The Association of School and College Leaders and the National Education Union have responded to new lockdown guidance for schools released by the government
Commenting on the lockdown guidance for schools issued today by the Department for Education, Geoff Barton, general secretary of the Association of School and College Leaders, said: “Schools and colleges have been waiting for this guidance since the Prime Minister’s announcement on Saturday, and it is frustrating that it has taken so long to arrive given that they now have to digest and implement these measures in a short timeframe.
“The Prime Minister spoke today about it being a moral duty to keep schools open, and we agree it is the right priority, but the government also has a moral duty to support schools, and timely guidance is an important part of delivering on that duty.
“The guidance means it will now be mandatory for face coverings to be worn in the communal areas of all secondary schools and colleges.
“This extension to the rule on face coverings is a sensible response to rising COVID levels, and will act as an extra level of protection on top of the other safety measures in schools. It is vital that this requirement is respected by all parents and pupils. The vast majority are supportive, but we are aware of schools receiving objections from some parents to existing policies.
“It is frustrating that there is still no information on what circumstances would trigger the government’s own contingency plan for rota systems in secondary schools. We appreciate that this is not the intention during the national lockdown but given that the situation is clearly precarious then clarity would be helpful.
“The guidance clarifies that clinically extremely vulnerable staff and pupils should not come into school or college. This is absolutely the right decision, but it will mean that there are more staff missing from the workplace, on top of those who are self-isolating.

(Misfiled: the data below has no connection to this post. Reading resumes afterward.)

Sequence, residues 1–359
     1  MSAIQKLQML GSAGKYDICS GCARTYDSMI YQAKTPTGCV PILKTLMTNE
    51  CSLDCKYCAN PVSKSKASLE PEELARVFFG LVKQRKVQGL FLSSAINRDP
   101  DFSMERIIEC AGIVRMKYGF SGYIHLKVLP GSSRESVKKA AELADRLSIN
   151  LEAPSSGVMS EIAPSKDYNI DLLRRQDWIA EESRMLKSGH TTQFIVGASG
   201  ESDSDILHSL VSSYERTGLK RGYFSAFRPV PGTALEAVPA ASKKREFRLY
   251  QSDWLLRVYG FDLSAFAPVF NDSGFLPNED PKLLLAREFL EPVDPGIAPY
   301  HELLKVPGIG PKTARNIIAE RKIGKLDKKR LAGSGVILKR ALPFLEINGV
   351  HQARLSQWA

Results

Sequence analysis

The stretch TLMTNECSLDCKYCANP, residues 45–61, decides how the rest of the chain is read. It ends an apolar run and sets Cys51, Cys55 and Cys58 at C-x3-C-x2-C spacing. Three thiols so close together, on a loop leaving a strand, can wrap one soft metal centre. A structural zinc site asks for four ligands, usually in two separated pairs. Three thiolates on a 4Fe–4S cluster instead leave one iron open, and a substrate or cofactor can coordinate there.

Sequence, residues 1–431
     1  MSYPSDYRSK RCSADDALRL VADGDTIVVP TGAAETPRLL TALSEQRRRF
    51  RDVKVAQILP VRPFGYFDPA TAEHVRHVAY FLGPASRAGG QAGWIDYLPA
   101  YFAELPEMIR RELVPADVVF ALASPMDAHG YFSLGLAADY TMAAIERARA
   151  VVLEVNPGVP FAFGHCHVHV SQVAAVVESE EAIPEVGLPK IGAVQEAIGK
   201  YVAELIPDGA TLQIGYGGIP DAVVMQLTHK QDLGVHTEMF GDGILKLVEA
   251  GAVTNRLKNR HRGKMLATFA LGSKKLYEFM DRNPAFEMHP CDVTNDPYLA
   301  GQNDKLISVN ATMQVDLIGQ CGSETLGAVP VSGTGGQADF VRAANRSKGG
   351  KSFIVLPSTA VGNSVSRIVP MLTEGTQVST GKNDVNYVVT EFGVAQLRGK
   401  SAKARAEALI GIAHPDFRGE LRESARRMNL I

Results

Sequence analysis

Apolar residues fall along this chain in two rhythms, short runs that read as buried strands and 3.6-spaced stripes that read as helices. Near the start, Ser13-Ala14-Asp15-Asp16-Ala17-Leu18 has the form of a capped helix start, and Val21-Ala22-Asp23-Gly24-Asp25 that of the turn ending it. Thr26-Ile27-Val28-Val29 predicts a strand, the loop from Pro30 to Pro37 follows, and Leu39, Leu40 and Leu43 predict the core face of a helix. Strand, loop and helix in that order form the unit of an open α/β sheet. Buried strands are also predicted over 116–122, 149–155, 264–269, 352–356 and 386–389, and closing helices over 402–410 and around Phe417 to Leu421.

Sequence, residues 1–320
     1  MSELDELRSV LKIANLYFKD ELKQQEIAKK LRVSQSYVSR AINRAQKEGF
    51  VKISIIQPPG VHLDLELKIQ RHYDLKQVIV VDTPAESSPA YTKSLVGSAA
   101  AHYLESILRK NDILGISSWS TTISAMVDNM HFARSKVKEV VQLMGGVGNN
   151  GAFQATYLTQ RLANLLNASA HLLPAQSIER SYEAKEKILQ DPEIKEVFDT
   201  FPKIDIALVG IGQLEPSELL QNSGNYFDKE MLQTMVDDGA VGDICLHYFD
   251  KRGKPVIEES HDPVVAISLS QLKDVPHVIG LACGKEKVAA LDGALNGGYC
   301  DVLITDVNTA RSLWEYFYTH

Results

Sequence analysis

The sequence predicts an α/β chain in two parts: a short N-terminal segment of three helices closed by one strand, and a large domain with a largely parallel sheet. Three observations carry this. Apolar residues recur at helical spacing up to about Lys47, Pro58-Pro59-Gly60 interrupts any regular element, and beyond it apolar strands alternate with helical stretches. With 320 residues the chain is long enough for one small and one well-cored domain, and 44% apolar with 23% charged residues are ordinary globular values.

“It is imperative that the government reimburses schools and colleges with the cost of hiring supply cover for staff absence. We have received reports of schools having to spend £6,000 per week on supply cover, and this situation is going to become worse. Schools and colleges cannot sustain these costs.
“The guidance allows for after-school provision for the purpose of childcare but not for after-school clubs. We understand the public health basis for this decision, but we are concerned about the extent to which activities such as sports clubs are again being curtailed by the impact of the pandemic.
“The government’s education recovery planning does need to take into account the impact of these restrictions on health and wellbeing.”
Commenting on updated guidance published today ahead of a second national lockdown, detailing new requirements for face coverings amongst other measures, Kevin Courtney, joint general secretary of the National Education Union, said: “With grating familiarity, the government has once again delivered new guidance to schools at the eleventh hour.
“The growth of virus cases in secondary schools is shocking, with cases 50 times higher on October 23 than at the start of September. Cases were also nine times higher in primary schools. The virus levels are leading to many children being sent home as bubbles close.
“Clearly the government needs to find ways to break transmission networks in schools and colleges. It must prioritise schools for access to rapid turnaround tests like those being trialled in Liverpool, and should be making plans for secondary schools and sixth form colleges to move to a rota operation where children are taught every lesson but are at home some of the time.
“It is absolutely right for the government to say that clinically extremely vulnerable staff and students should be working at home.
“Requiring face coverings when moving around secondary schools is welcome, but their use more widely must be considered and other measures must be taken on social distancing. Much more needs to be done to make schools and colleges safe.
“We cannot afford this government’s constant slow responses. The opportunity for a circuit-break at half term was squandered. Now we have this second lockdown, which will not work if schools and colleges stay open without the safety measures needed to prevent the steady rise in cases which ultimately spreads to the wider community. We need more extensive solutions and in particular a plan for rota operations after we emerge from this late lockdown.”